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Introduction to Thunderbird, part 6, installing add-ons (and Lightning!)

OK, so now we've come a fair bit along the way of getting to know Thunderbird.  But some of the best still remains.. :)

It is possible to change how Thundebird works and/or add new functionality, through the use of add-ons.  Add-ons are readily available in Thunderbird, and now I will show you a bit about installing add-ons, as well as using an add-on (in this case Lightning, a full-featured calendar solution that plugs into Thunderbird).

Let's get started..  we start with the initial Thunderbird view and getting to the add-ons tab:


Thunderbird, tools menu, selecting add-ons


Above you first select the Tools menu, and then click on add-ons.  If the menubar with Tools etc. isn't visible, try pressing down F10 on the keyboard and it should appear.


Thunderbird, add-ons screen, Lightning highlight


Click on the Lightning (highlighted) and the following screen appears:


Thunderbird, add-ons screen, about to install Lightning


Click on the green "Add to Thunderbird" button, and the following should appear (if it doesn't, don't worry and go to the next step):


Thunderbird, confirm installation of add-on


Wait for the countdown to finish and it will be possible to click on "Install now".  Press "Install Now".  When the add-on is installed, the screen should appear as below, and you can restart Thunderbird to have it working with the new add-on.


Thunderbird, add-on installed, click to restart Thunderbird with add-on working screen


And here's how the initial view of Thunderbird with the Lightning Calendar add-on should look, in the area to the right that is highlighted:


Thunderbird, initial view with Lightning calendar installed and enabled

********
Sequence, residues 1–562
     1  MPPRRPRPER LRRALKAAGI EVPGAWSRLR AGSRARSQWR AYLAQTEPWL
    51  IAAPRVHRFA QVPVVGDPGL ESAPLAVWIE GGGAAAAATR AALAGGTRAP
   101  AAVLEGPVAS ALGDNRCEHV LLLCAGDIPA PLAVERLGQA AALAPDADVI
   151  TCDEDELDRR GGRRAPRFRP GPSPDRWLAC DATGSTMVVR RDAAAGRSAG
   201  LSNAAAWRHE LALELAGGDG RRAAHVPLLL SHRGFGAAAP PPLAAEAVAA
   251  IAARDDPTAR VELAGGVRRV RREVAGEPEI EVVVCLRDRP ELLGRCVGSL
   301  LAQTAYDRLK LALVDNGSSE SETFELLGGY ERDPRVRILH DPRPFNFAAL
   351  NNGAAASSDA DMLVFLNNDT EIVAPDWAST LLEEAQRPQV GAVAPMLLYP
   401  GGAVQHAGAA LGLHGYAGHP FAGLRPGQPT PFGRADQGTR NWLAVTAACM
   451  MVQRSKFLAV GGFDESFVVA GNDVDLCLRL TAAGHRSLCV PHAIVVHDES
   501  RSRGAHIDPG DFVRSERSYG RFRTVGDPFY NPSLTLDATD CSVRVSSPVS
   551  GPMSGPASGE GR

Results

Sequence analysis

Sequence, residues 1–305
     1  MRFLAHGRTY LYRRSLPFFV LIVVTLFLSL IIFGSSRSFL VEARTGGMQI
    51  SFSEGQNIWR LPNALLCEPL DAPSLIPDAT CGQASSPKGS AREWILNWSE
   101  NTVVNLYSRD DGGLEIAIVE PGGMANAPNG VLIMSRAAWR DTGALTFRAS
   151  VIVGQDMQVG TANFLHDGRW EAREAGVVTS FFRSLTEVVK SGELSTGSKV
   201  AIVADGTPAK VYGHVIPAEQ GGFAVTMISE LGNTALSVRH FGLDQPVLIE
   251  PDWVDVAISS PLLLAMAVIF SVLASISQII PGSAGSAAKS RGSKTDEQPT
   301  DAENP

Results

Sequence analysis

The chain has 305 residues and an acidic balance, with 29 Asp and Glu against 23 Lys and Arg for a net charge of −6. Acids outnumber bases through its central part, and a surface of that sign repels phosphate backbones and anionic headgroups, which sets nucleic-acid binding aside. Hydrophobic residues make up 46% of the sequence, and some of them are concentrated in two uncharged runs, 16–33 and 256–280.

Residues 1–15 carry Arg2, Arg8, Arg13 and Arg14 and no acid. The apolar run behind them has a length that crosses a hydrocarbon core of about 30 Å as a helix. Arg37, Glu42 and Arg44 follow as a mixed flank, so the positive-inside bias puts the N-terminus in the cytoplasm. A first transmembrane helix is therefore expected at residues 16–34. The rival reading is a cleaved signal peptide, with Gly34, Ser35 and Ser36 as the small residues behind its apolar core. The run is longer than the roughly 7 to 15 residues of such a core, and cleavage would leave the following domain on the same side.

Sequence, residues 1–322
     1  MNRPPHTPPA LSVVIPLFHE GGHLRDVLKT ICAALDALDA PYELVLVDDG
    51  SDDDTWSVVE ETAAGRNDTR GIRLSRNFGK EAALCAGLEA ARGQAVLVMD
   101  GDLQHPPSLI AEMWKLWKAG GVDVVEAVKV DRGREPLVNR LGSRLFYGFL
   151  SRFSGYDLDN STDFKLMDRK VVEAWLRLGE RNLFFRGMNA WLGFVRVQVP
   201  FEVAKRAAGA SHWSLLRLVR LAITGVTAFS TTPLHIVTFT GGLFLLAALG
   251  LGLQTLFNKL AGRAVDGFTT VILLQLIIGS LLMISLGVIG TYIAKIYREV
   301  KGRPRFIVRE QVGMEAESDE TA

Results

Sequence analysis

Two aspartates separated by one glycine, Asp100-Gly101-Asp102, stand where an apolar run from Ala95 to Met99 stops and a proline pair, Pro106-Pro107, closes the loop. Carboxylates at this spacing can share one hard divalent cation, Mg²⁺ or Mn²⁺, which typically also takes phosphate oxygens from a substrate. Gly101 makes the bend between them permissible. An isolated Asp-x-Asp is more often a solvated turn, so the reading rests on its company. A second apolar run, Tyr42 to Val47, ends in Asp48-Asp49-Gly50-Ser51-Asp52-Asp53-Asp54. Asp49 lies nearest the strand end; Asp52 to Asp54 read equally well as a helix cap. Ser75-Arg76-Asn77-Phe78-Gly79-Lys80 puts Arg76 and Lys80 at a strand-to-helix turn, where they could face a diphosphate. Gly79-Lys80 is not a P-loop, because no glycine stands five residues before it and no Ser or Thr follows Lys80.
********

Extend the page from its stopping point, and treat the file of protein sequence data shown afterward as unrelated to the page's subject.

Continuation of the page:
You can press on the icon Thunderbird, calendar icon in the upper left of the highlighted area.  This will bring up the calendar in full view, as seen here:


Thunderbird full calendar view, add event and add task highlighted


I've highlighted the add Event and add Task buttons.  First, let's press on the add Event button and this screen should appear:


Thunderbird, calendar add event view


Here you can enter various information about the event you want to add. I've set the Title (subject), nothing on Location and selected the Business category.  Calendar: Home is the default calendar (you can add more, but more about that in another article).  The event needs a start and an end, and repeat/reminder we'll cover later.  Description is whatever else you need to jot down about the event, that is useful to keep with the event.  OK - so enter your info and press "Save and Close".

Next up we'll add a task.  Press on the add Task button, and the following window should appear:


Thunderbird, calendar add task view


The Title is a short description of the task, Location isn't set, nor is category.  Calendar: Home is again the default calendar, and we set a start and end date and time for the task.  I was adding this task as I was working on it, so "In Process" was set as status, and I guess I was about 40% complete when I entered this task.  Again we have repeat and reminder, this time I'm setting a reminder 5 minutes before the task begins.

OK, so press "Save and Close" and Thunderbird should look something like this with the calendar view:


Thunderbird, calendar full view with task and event


As you see, I've highlighted the event and task we've added.  You can explore a bit more yourself, try for example to right-click on the event or task and you'll get some options.

OK, that's it for this article, hope you found it fun, interesting and useful. :)

This is the sixth article in a series about Thunderbird, if you have Thunderbird-related topics you want covered here, let us know. Comments on this article, thumbs up or flames, can be sent to If you need help using Thunderbird, we recommend using the Thunderbird forums.

If you know a language or languages besides English and would like to translate these articles, let us know via as well. :)

Click here to go to the next article, about message filters and mailing lists.